In a tale as twisted as the hunt for Osama bin Laden, CBS Evening News has been told that the night before the Sept. 11 terrorists attack, Osama bin Laden was in Pakistan. He was getting medical treatment with the support of the very military that days later pledged its backing for the U.S. war on terror in Afghanistan.
Pakistan intelligence sources tell CBS News that bin Laden was spirited into a military hospital in Rawalpindi for kidney dialysis treatment.
"On that night," said a medical worker who wanted her identity protected, "they moved out all the regular staff in the urology department and sent in a secret team to replace them." She said it was treatment for a very special person and "the special team was obviously up to no good."
"They military had him surrounded," said a hospital employee who also wanted his identity masked, "and I saw the mysterious patient helped out of a car. Since that time," he said, "I have seen many pictures of the man. He is the man we know as Osama bin Laden. I also heard two army officers talking to each other. They were saying that Osama bin Laden had to be watched carefully and looked after."
Those who know bin Laden say he suffers from numerous ailments back and stomach problems.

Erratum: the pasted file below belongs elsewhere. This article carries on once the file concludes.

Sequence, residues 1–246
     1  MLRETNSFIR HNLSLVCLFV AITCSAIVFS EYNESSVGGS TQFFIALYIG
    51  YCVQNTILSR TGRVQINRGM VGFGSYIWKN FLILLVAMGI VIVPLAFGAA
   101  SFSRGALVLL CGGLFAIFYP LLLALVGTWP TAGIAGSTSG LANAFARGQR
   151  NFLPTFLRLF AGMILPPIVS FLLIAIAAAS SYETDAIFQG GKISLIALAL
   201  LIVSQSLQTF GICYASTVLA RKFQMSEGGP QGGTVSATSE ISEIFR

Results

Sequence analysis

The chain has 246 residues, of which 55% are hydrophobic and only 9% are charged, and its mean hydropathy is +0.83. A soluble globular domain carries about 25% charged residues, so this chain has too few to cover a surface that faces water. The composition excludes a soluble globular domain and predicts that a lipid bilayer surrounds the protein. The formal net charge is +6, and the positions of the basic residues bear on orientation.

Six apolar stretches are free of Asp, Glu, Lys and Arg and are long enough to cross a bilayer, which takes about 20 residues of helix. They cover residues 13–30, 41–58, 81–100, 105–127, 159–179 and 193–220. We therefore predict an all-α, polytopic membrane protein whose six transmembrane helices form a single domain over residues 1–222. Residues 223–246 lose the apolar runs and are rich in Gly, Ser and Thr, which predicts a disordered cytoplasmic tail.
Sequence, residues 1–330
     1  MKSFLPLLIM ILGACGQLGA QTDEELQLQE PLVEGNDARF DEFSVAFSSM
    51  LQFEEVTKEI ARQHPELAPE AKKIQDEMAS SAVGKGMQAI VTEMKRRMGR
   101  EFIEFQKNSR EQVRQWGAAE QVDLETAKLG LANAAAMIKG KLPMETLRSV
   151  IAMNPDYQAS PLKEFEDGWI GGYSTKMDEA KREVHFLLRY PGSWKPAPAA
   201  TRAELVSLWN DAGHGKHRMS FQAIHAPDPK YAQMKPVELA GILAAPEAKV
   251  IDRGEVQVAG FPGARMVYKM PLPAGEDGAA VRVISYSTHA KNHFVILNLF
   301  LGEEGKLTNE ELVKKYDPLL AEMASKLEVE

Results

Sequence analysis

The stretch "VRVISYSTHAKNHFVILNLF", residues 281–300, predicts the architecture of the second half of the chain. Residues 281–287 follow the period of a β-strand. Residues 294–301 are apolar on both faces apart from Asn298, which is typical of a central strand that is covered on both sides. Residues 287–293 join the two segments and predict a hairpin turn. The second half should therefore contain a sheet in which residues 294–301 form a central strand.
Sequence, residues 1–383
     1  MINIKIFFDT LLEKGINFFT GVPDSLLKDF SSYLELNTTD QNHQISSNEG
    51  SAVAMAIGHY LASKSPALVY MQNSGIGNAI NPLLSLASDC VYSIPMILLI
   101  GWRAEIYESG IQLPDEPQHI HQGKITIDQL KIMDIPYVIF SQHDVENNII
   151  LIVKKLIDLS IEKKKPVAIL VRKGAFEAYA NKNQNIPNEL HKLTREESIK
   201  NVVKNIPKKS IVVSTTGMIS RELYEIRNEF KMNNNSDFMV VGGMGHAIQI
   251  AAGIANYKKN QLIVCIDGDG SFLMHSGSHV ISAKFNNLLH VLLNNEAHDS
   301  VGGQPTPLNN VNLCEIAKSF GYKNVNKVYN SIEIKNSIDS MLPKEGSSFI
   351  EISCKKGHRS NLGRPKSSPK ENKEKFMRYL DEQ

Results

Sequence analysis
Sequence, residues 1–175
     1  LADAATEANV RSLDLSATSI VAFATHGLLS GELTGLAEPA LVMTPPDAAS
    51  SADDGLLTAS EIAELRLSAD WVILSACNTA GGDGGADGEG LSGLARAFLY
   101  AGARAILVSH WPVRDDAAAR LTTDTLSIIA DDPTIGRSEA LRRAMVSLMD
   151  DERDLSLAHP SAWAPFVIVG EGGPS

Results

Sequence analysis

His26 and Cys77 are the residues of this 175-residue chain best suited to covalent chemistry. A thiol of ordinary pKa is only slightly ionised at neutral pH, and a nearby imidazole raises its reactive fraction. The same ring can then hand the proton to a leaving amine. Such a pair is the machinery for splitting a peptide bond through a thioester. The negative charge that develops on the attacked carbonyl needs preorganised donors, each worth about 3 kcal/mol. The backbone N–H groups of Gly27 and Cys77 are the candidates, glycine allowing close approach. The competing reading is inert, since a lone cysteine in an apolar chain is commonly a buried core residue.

Ahmed Rashid, who has written extensively on the Taliban, said the military was often there to help before Sept. 11.
"There were reports that Pakistan intelligence had helped the Taliban buy dialysis machines and the rumor was that these were for wanted for Osama bin Laden," said Rashid.
about the hunt for Osama bin Laden.
Doctors at the hospital told CBS News there was nothing special about that night, but they declined our request to see any records. Government officials reached Monday night denied that bin Laden received any medical treatment that night.
A U.S. official, speaking on condition of anonymity, said Tuesday the United States has seen nothing to substantiate the report.
It was Pakistan's President Pervez Musharraf who said in public what many suspected: that bin Laden suffers from kidney disease, saying he thinks bin Laden may be near death.
His evidence watching the most recent video, showing a pale and haggard bin Laden, his left hand never moving. Bush administration officials admit they don't know if bin Laden is sick or even dead.
"With respect to the issue of Osama bin Laden's health, I just am...don't have any knowledge," said Secretary of Defense Donald Rumsfeld.
The U.S. has no way of knowing who in Pakistan's military or intelligence supported the Taliban or Osama bin Lade, maybe up to the night before Sept. 11 by arranging dialysis to keep him alive. So the U.S. may not know if those same people might help him again perhaps to freedom.
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